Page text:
Comment: Democrats’ plan to tax rich will miss wealth of most

Because it goes after salaries — and not income from assets — the wealthy can easily avoid the tax.

By Alexis Leondis / Bloomberg Opinion

Democrats love to talk about their big ideas for soaking the rich. They’ve proposed various ways to do it, from creating a special tax for billionaires to closing decades-old trust loopholes. Those have been shelved as lawmakers wrangle over the particulars of their big tax and spending bill, leaving just one provision aimed at the very wealthy.

It’s a surtax on high income and capital gains. And there’s not much bite to it.

On paper, the surtax sounds serious. Taxpayers with incomes of at least $10 million would see their marginal federal tax rate increase by 5 percentage points, to 42 percent. Those earning $25 million would be subject to an eight-point increase, or a rate of 45 percent, according to the most recent version of the proposal.

In addition, the capital gains tax rates that group would face when selling appreciated stock or other assets would also jump by 5 to 8 percentage points. So those with $25 million would face a capital gains tax rate of 31.8 percent, which would be the highest since 1978, up from 23.8 percent currently.

But many of the 22,000 people potentially subject to the surtax don’t have much to fear. Most of them derive the bulk of their income from assets — stocks, private businesses or real estate — rather than from big salaries.

Most data on income sources focuses on the top 1 percent of households (those making more than $540,000 annually), but even there, capital income from stocks or rental properties, as well as income from private businesses or partnerships, accounts for more than 60 percent of total income. It’s reasonable to think the proportion is much higher for the $10 million-and-up crowd.

Those folks would be able to hang onto their holdings, rather than sell and incur capital gains taxes. Many are thinking they’ll just wait it out until a Republican Congress changes course.

Those who need cash don’t have to worry, either. Thanks to securities-based loans, wealthy bank clients can finance their lifestyles by borrowing against their stock, bond or real estate holdings. They don’t have to sell much of anything, and since the proceeds aren’t income, the tax bite is zero.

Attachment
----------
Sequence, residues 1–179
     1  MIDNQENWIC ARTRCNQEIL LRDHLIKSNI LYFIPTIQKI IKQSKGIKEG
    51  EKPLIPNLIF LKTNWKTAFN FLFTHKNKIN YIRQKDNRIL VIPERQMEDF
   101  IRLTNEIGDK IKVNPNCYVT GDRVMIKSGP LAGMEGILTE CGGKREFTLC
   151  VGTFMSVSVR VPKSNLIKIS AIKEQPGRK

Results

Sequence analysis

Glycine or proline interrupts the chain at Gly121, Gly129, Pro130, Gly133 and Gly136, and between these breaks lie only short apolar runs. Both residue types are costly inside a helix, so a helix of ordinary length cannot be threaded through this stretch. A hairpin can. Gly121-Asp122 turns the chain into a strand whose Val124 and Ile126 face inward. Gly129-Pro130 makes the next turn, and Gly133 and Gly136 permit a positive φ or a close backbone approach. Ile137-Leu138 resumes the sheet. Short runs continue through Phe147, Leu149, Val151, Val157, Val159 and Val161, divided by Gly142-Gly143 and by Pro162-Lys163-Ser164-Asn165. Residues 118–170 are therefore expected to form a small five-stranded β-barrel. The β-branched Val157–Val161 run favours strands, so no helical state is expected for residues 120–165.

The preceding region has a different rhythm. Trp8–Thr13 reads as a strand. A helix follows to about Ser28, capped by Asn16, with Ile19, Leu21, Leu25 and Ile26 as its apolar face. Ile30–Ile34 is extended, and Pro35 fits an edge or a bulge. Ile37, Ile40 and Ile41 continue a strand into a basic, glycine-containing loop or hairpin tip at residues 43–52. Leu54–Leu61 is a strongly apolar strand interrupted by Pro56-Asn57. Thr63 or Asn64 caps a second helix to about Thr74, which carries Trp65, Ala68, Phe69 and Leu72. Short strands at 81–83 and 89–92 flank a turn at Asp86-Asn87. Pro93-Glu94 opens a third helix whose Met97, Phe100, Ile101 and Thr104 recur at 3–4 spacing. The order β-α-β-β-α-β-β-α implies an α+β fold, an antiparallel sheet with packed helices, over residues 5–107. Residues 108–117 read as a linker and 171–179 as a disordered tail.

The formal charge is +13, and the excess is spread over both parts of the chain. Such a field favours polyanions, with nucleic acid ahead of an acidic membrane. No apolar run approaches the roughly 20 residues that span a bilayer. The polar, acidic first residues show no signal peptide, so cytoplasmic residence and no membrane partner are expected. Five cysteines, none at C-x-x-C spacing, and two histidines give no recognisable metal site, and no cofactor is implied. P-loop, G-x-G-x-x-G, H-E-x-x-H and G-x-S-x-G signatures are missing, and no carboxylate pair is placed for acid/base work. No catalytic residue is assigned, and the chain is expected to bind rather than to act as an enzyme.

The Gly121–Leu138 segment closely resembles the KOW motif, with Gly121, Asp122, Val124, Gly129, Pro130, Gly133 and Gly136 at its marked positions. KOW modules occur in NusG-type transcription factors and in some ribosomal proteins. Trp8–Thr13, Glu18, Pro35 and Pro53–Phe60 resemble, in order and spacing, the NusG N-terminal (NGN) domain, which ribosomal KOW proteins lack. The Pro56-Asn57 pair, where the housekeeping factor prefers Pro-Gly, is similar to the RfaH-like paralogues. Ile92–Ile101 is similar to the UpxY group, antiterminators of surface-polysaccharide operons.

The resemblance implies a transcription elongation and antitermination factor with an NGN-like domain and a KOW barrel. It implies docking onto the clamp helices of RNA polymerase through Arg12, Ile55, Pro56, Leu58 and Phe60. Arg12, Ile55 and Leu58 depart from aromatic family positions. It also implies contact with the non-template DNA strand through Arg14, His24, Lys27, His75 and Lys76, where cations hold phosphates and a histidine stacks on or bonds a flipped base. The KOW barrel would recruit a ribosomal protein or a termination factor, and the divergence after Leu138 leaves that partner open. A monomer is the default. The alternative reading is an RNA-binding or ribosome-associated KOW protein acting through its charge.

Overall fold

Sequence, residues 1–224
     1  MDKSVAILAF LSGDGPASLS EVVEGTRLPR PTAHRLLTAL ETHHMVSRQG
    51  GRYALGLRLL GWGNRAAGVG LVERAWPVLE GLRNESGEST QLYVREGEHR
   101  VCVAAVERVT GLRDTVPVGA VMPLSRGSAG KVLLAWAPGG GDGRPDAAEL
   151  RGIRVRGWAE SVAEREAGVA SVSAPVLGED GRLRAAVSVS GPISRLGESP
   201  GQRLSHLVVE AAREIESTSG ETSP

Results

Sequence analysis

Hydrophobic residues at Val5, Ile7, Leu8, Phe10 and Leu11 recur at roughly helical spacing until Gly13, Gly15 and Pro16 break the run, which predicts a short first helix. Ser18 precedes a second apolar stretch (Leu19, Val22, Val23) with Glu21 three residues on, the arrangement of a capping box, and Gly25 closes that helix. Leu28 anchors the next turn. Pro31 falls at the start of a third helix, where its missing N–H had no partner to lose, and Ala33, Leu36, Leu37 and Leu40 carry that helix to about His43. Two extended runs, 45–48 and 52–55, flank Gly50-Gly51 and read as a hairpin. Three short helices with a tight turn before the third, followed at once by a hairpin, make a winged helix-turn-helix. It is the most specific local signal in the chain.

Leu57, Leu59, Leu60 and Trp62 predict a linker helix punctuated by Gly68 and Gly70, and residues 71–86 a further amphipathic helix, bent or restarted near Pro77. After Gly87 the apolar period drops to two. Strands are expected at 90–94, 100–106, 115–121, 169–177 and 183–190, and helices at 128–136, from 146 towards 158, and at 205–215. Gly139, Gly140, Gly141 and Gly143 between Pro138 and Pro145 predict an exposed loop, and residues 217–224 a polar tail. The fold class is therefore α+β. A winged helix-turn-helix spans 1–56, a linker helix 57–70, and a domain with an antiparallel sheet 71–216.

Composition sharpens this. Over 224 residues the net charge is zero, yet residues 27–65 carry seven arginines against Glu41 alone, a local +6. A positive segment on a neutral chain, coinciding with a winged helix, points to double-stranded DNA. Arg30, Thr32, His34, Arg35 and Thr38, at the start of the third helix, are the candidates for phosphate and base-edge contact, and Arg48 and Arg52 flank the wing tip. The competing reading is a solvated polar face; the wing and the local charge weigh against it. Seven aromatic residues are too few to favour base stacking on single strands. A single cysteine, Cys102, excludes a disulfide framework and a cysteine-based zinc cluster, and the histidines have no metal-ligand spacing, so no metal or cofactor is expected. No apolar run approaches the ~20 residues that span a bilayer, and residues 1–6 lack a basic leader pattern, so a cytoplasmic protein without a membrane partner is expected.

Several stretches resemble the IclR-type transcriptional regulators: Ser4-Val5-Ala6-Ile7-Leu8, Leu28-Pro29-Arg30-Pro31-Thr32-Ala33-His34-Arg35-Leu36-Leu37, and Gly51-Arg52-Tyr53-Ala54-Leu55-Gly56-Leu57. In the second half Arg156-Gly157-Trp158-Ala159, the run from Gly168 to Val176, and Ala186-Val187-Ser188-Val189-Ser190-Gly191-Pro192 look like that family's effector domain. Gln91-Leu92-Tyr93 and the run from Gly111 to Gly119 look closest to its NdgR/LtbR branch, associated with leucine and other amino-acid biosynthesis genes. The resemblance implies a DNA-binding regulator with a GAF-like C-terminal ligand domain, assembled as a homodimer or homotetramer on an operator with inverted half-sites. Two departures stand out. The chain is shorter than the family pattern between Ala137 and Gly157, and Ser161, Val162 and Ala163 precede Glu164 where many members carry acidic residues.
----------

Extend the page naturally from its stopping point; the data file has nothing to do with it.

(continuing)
Morgan Stanley reported a 27 percent increase in such loans as of Sept. 30 compared with the end of 2020, and Bank of America says its loans have jumped by 25 percent over the past year. A higher capital gains tax rate would only make the strategy more popular.

Even taxpayers who wind up selling stocks or businesses can take steps now to protect themselves against the possibility of the higher rate. The easiest option is to sell between now and the end of the year. An earlier iteration of the proposal would have made the higher capital gains tax rate retroactive to when the proposal was first announced in September, but that was scrapped. As of now, the higher rates would take effect on Jan. 1, 2022.

Wealthy taxpayers can also spread income over several years to stay below the $10 million threshold by selling assets in installments rather than in one fell swoop.

Many people who work at private equity firms or hedge funds are likely to restructure their businesses to make themselves subject to the lower corporate tax rate of 21 percent, according to Emmanuel Saez, an economist at University of California, Berkeley. Right now, many of those firms are set up so they report profits via owners’ personal tax returns. If Democrats really wanted to make the surtax bite, they would have paired the higher capital gains tax rate with a tax on assets unsold at death, or eliminated a cushy benefit for heirs (they get to ignore gains in an asset that happened prior to when they inherited it, thereby greatly reducing any taxes owed when they sell).

The taxpayers hardest hit by the surtax would be those few who live mainly off extremely high salaries. There is a lot less flexibility when it comes to paying taxes on labor income, considering there is a W-2 tax form reporting earnings to the IRS.

But most multimillionaires don’t rely on wages to finance their comfortable lives. That makes the surtax much less than a seismic shift.

Alexis Leondis is a Bloomberg Opinion columnist covering personal finance. Previously, she oversaw tax coverage for Bloomberg News.

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